How to prove that $1+\frac11(1+\frac12(1+\frac13(…(1+\frac1{n-1}(1+\frac1n))…)))=1+\frac1{1!}+\frac1{2!}+\frac1{3!}+…+\frac1{n!}$?

I'm trying to prove that

$$1+\frac11(1+\frac12(1+\frac13(...(1+\frac1{n-1}(1+\frac1n))...)))=1+\frac1{1!}+\frac1{2!}+\frac1{3!}+...+\frac1{n!}$$

Using induction, suppose that

$$1+\frac11(1+\frac12(1+\frac13(...(1+\frac1{n-2}(1+\frac1{(n-1)}))...)))=1+\frac1{1!}+\frac1{2!}+...+\frac1{(n-1)!}$$

Then

$$1+\frac11(1+\frac12(1+\frac13(...(1+\frac1{n-2}(1+\frac1{n-1}(1+\frac 1n))...)))\\ =1+\frac11(1+\frac12(1+\frac13(...(1+\frac1{n-2}(1+\frac1{n-1}+\frac1{(n-1)n})...)))\\ =(1+\frac1{1!}+\frac1{2!}+...+\frac1{(n-1)!})+\frac1{n!}$$

But I couldn't completely justify the last equality. Could anyone explain this for me, please? Thanks!

Let $f_k(x)=1+\frac{x}{k}$ and show the following more general identity: for $m\geq 0$ and $d\geq 0$: $$f_{m+1}(f_{m+2}(\dots (f_{m+d}(1))\dots))=m!\sum_{k=m}^{m+d}\frac{1}{k!}.$$ We use induction with respect to $d$. It is true for $d=0$ and for $d>0$, \begin{align}f_{m+1}(f_{m+2}(\dots (f_{m+d}(1))\dots)) &=f_{m+1}(f_{(m+1)+1}(\dots (f_{(m+1)+d-1}(1))\dots))\\ &=f_{m+1}\left((m+1)!\sum_{k=m+1}^{m+1+d-1}\frac{1}{k!}\right)\\ &=1+\frac{(m+1)!}{m+1}\sum_{k=m+1}^{m+1+d-1}\frac{1}{k!}\\ &=1+m!\sum_{k=m+1}^{m+d}\frac{1}{k!}=m!\sum_{k=m}^{m+d}\frac{1}{k!}. \end{align}

• Nice approach :). Funnily, although you deal with a more general case, I don't think your answer is harder to parse as the others. – Surb Jun 21 '18 at 12:52

For the last equality, its just simply multiplying

$$1+\frac11(1+\frac12(1+\frac13(1+\frac14(...(1+\frac1{n-2}(1+\frac1{n-1}+\frac1{(n-1)n})...)))))$$ $$=1+\frac11+\frac11\frac12 +\frac11\frac12\frac13+\frac11\frac12\frac13\frac14 + \dots + \frac11 \frac12 \cdots \frac1{n-1}\frac1{n}\\ =1+\frac1{1!}+\frac1{2!}+\frac1{3!}+\frac1{4!}...+\frac1{n!}$$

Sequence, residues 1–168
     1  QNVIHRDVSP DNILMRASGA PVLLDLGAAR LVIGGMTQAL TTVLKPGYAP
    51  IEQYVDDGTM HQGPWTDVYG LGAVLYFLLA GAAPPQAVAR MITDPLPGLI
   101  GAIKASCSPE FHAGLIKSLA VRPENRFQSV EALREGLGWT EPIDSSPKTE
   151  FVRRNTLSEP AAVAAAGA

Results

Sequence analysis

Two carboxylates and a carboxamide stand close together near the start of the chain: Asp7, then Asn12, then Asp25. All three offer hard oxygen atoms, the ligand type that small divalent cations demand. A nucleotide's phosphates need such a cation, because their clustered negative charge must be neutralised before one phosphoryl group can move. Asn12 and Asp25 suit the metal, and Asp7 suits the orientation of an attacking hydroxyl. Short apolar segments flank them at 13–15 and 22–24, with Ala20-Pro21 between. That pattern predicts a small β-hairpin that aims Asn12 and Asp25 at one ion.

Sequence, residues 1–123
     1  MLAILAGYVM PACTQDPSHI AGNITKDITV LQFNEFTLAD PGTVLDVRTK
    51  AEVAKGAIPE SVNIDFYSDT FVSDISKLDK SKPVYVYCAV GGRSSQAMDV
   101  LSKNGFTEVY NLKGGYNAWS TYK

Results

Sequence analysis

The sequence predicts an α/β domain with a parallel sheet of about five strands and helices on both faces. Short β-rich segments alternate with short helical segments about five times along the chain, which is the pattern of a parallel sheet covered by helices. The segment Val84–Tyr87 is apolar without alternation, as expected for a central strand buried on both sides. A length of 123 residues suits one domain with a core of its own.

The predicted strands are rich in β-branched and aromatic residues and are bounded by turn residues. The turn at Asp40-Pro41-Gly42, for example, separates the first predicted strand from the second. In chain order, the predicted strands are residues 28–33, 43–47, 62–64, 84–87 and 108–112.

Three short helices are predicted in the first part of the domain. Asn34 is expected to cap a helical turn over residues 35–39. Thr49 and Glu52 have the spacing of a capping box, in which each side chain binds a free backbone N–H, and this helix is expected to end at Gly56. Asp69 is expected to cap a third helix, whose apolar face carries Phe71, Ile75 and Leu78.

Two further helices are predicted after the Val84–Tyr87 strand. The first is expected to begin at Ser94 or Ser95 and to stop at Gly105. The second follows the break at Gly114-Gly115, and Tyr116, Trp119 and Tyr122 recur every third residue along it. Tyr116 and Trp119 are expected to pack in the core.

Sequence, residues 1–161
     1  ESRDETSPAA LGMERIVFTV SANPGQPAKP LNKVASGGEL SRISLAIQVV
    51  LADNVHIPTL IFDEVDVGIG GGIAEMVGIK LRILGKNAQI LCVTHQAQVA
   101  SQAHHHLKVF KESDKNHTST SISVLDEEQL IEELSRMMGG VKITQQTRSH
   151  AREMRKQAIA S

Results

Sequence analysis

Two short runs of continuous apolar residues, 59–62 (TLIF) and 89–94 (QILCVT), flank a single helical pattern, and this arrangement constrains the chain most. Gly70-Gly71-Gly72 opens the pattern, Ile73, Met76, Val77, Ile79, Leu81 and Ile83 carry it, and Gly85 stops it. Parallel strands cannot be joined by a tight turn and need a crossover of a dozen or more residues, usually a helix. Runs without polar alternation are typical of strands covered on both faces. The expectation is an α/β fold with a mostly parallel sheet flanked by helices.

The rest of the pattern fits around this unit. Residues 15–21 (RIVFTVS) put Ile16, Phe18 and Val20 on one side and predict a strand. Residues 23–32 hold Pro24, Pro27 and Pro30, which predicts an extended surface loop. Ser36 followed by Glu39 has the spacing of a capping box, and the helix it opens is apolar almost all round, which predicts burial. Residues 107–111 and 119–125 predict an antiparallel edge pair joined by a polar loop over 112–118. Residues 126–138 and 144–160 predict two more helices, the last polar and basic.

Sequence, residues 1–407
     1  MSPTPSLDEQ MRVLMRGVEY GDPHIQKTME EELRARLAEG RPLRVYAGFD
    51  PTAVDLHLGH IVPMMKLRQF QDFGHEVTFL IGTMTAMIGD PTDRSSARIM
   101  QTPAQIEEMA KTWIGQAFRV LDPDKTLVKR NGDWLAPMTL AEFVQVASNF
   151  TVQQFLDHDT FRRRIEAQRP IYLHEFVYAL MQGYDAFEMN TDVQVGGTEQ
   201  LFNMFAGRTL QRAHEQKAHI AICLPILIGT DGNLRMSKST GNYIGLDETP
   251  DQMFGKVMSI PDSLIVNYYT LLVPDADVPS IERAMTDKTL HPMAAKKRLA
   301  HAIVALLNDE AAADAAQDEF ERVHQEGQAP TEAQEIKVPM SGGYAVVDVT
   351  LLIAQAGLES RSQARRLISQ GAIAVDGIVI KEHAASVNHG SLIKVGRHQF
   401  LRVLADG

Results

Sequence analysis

You can also start calculating the inner bracket first:

\begin{align} &1+\frac11\left(1+\frac12\left(1+\cdots + \frac1{n-2}\left(1+\frac1{n-1}\left(1+\frac1n\right)\cdots\right)\cdots\right)\right) \\&= 1+\frac11\left(1+\frac12\left(1+\cdots + \frac1{n-2}\left(1+\frac{n+1}{n(n-1)}\right)\cdots\right)\right) \\&= 1+\frac11\left(1+\frac12\left(1+\cdots + \frac1{n-3}\left(1+\frac{n(n-1) + n+1}{n(n-1)(n-2)}\right)\cdots\right)\right) \\ &= 1+\frac11\left(1+\frac12\left(1+\cdots + \frac1{n-4}\left(1+\frac{n(n-1)(n-2) +n(n-1) + n+1}{n(n-1)(n-2)(n-3)}\right)\cdots\right)\right) \\ &= \cdots\\ &= \frac{n(n-1)(n-2) \cdots 2 \cdot 1 + n(n-1)(n-2) \cdots 3\cdot2 + \cdots n(n-1)(n-2) + n(n-1) + n+1}{n(n-1)(n-2) \cdots 2 \cdot 1} \\ &= 1 + \frac1{1!} + \frac1{2!} + \cdots + \frac1{(n-3)!} + \frac1{(n-2)!} + \frac1{(n-1)!} + \frac1{n!} \end{align}

The proposition that is adapted for the induction in this case is the following one, which is defined for all natural $n\ge 1$:

$P(n)$:

For all finite sequences $(a_k)_{1\le k\le n}$ of variables we have the equality: $$1+a_1(1+a_2(\dots(1+a_{n-1}(1+a_n))\dots)) = 1+a_1+a_1a_2+\dots+a_1a_2\dots a_n\ .$$

The proposition $P(1)$ is true, it claims for the variable $a_1$ the equality $1+a_1=1+a_1$. We assume $P(n)$ true. To have an easy application of $P(n)$, we make a choice of $(n+1)$ variables of the shape $$(a_k)_{0\le k\le n}\ ,$$ so we start with a new variable rather than ending with a new one. We compute than: \begin{aligned} &1+a_0(\underbrace{1+a_1(1+a_2(\dots(1+a_{n-1}(1+a_n)\dots))}_{\text{Use P(n) for this part}}) \\ &\qquad = 1+a_0(1+a_1+a_1a_2+\dots+a_1a_2\dots a_n) \\ &\qquad = 1+a_0+a_0a_1+a_0a_1a_2+\dots+a_0a_1a_2\dots a_n \ . \end{aligned} We have shown for every $n\ge 1$ the implication $P(n)\Rightarrow P(n+1)$. By induction... $\square$

So the idea was to slightly generalize, then have an easy game in the new setting.